Darrin’s Coconut Ass: Live From Omaha

Buyer beware: This eight-track EP is only a live album in the sense that it was recorded during an onstage, after-gig jam session without overdubs. Not that I’m complaining; this all-covers novelty is a treat from starter’s pistol to finishing line. Not surprisingly, these ska-punks divide their tracks between skanky reggae (Peter Tosh’s DownPresser Man, SpecialsNite Klub) and old-school punk and new wave (BuzzcocksYou Say You Don’t Love Me, The Police’s Man In The Suitcase). Still, who’da-thunkit surprises like The Who’s The Kids Are Alright, The Cure’s Just Like Heaven and Bad Company’s Feel Like Making Love overcome any false advertising. It may not be live, but it’s lively enough.

The Talented Mr. Ripley
Various Artists

Mr. Ripley star Matt Damon displays a new talent of his own — singing! — on the soundtrack to his new psychological thriller. And not just any song, either; he tackles the classic ballad My Funny Valentine, crooning it soft and low in an androgynous Chet Baker whisper while the Guy Barker quintet quietly swings. How does he do? Well, let’s just say he shouldn’t quit his day job. But if he isn’t exactly Chet — and after all, who is? — there are some legitimate jazz classics here from Miles Davis (Nature Boy), Charlie Parker (Ko-Ko) and Dizzy Gillespie (The Champ). Not to mention Gabriel Yared’s original score of eerie, haunting melodies and stabbing Bernard Hermann-inspired accents. A talented lot, in all.

Groundswell UK

Remember seeing these guys in the local bar listings a few weeks back? Maybe you do, and maybe — like me — you skipped their gig because you’d never heard of them. Well, turns out they’re the new band from former Ned’s Atomic Dustbin vocalist John Penney. Turns out they’re also pretty decent, if this five-song debut EP is any sign — meaty, beaty Britpop with giant swaths of fuzzy, post-grunge guitar and Penney’s keen sense of melody. A full album is due in the new year. Next time, let’s hope they give us a little warning before they show up again.

In A Different City

This Chicago trio live in a different city, all right — one somewhere about midway between Beefheartville and Zappatown, judging from the ’60s-style dada-freakout of their debut CD. To get there, just follow your ears — all the signposts are here: The skronking saxophones and atonal sheets of sound, the wild-man skin-pounding and free-jazz format, the orchestral weirdness and instrumental tomfoolery. Sure, it’s kind of an out-of-the-way little juncture, but it’s real nice place to visit.

Dynamic Syncopation

No wonder so much contemporary dance music is so kaleidoscopically over the top; it has to compete with all the whirling lights, laser shows and bells and whistles of the disco floor. But London duo Dynamic Syncopation don’t play that, homey. Johnny Cuba and Loop Professor take a less-is-more approach on this debut full-length. Their laid-back, after-hours sound leaves you plenty of room to groove — tunes float along on sparse, head-nodding rhythms and soulfully funky bass lines, with only the occasional rhyming rapper, moaning diva, skillful scratch or oddball sample to keep you from drifting off on their magic carpet of sound. All the lasers in discoland can’t compete with that.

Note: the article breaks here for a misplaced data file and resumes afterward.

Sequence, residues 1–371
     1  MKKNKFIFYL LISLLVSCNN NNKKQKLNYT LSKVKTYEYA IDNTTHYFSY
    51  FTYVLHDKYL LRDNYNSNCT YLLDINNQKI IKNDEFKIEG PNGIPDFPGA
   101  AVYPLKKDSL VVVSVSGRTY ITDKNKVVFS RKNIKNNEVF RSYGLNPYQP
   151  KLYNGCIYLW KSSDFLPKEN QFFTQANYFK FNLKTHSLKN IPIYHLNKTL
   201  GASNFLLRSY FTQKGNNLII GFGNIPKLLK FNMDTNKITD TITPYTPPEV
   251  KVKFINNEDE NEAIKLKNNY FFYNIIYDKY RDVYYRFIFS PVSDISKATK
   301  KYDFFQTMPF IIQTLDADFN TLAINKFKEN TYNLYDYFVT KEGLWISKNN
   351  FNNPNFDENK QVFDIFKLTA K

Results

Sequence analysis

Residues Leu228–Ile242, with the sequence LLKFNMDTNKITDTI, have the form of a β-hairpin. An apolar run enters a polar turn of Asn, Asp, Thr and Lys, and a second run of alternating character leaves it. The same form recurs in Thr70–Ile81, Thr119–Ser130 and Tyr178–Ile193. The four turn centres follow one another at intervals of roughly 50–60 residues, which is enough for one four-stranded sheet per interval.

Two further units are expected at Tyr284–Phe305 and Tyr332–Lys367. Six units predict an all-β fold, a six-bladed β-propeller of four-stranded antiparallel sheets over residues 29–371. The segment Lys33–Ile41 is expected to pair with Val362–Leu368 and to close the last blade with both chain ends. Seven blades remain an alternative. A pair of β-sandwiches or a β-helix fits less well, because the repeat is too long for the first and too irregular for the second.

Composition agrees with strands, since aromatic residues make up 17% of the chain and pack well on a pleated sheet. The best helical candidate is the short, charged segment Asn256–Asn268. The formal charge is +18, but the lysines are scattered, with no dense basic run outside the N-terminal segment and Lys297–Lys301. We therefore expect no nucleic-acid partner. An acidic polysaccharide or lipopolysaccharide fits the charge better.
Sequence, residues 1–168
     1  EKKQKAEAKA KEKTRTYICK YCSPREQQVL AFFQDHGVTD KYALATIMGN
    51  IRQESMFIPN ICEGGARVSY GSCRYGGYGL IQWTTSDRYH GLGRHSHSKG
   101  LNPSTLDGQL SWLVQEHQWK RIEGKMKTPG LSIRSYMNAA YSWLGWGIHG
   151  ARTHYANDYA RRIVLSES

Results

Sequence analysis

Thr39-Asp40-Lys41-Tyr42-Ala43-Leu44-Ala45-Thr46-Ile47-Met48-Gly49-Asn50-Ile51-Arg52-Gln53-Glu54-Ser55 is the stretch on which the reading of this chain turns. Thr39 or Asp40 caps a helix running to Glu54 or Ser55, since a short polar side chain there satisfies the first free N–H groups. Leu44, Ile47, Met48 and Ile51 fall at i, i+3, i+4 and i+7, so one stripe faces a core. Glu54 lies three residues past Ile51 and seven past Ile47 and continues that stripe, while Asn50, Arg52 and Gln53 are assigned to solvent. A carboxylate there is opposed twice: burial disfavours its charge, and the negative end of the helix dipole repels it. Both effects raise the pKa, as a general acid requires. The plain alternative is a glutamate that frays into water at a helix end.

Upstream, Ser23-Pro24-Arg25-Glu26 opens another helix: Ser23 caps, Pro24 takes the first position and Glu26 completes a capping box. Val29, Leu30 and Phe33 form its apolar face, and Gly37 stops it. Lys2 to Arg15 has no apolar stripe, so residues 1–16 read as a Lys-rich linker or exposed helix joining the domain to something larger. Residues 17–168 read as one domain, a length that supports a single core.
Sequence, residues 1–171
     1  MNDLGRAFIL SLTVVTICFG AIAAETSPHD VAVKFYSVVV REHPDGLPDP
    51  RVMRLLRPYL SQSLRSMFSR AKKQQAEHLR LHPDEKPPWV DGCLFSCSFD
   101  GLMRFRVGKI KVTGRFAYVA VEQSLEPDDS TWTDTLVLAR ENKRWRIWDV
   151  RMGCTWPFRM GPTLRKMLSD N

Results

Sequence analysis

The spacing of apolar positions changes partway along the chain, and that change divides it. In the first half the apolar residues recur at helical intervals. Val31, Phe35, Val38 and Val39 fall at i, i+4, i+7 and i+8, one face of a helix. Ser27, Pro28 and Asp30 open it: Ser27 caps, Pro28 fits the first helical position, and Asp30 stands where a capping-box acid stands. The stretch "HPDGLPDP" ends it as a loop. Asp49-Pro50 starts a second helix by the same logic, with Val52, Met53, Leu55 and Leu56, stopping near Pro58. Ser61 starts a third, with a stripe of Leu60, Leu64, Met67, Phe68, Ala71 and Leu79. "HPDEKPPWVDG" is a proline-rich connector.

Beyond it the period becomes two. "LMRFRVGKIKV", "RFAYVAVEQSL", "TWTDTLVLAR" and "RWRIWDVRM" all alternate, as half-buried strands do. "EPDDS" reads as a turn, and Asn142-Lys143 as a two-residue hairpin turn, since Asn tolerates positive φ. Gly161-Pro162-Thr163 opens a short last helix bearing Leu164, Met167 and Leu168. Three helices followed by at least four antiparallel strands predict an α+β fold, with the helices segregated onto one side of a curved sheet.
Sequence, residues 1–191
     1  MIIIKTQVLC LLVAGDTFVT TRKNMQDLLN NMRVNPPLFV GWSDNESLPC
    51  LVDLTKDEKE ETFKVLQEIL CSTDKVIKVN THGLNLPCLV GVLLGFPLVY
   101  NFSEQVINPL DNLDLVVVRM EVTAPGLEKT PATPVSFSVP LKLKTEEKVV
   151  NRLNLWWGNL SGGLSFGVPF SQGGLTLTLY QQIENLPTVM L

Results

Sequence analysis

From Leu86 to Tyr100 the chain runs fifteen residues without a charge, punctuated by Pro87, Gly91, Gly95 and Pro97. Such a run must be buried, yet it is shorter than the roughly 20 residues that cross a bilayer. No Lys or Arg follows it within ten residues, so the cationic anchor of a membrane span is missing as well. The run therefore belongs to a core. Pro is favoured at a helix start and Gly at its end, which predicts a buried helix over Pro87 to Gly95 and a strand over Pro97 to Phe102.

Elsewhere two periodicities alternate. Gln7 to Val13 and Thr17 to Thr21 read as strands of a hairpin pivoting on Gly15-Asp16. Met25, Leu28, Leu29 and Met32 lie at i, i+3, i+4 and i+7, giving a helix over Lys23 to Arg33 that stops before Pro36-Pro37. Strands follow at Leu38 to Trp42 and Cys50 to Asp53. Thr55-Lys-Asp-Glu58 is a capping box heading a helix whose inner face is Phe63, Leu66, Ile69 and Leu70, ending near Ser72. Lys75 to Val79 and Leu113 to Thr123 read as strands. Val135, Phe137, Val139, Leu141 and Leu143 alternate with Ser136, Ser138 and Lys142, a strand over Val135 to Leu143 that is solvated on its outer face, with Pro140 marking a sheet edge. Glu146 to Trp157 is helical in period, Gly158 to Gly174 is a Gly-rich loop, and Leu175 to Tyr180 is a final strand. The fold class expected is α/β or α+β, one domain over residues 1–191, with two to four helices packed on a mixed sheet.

The Microphones
Don’t Wake Me Up

Lo-fi has never sounded more hi-fi. Washington’s Phil Elverum — the one-man band who records under the name The Microphones — has conjured one of the most intriguing bedroom-rock albums of the year with this psychedelic, dreamy debut. Like some junkyard Brian Wilson or Olivia Tremor Control, Elverum conjures forth bizarrely beautiful pop from the unlikeliest kitchen sinkful of sources: buzzing amps, hissing tape and rumbling feedback are as much a part of his music as traditional instruments such as guitar and drums. Coupled with his intimate, skittish vocals and rambling, nonconformist songcraft, it results in a captivating work of shabby elegance and mumbly eloquence that probably cost less to record than Beck spent on his new fringe vest.

To The Innocent

Rob Crow used to lead indie legends Heavy Vegetable, who were renowned for the offbeat loveliness of their distinctly unique brand of experimental pop. On To The Innocent, the second CD from his post-Vegetable outfit Thingy, Crow flies in a similar direction, setting his joyfully silly lyrics — the dreamy pop ballad Big Dumb Animal gets by with three lines: “I’m an imbecile, imbecile / I’m a big, dumb animal / Put my fingers in the fan” — next to intricately melodic guitar jangles and exuberantly propulsive drumming. Crow is the kind of guy who could write a song about Top Ramen, Star Wars or his neighbour’s dog and still create pop perfection — and in fact, he does exactly that here.

Inexpensively Embalmed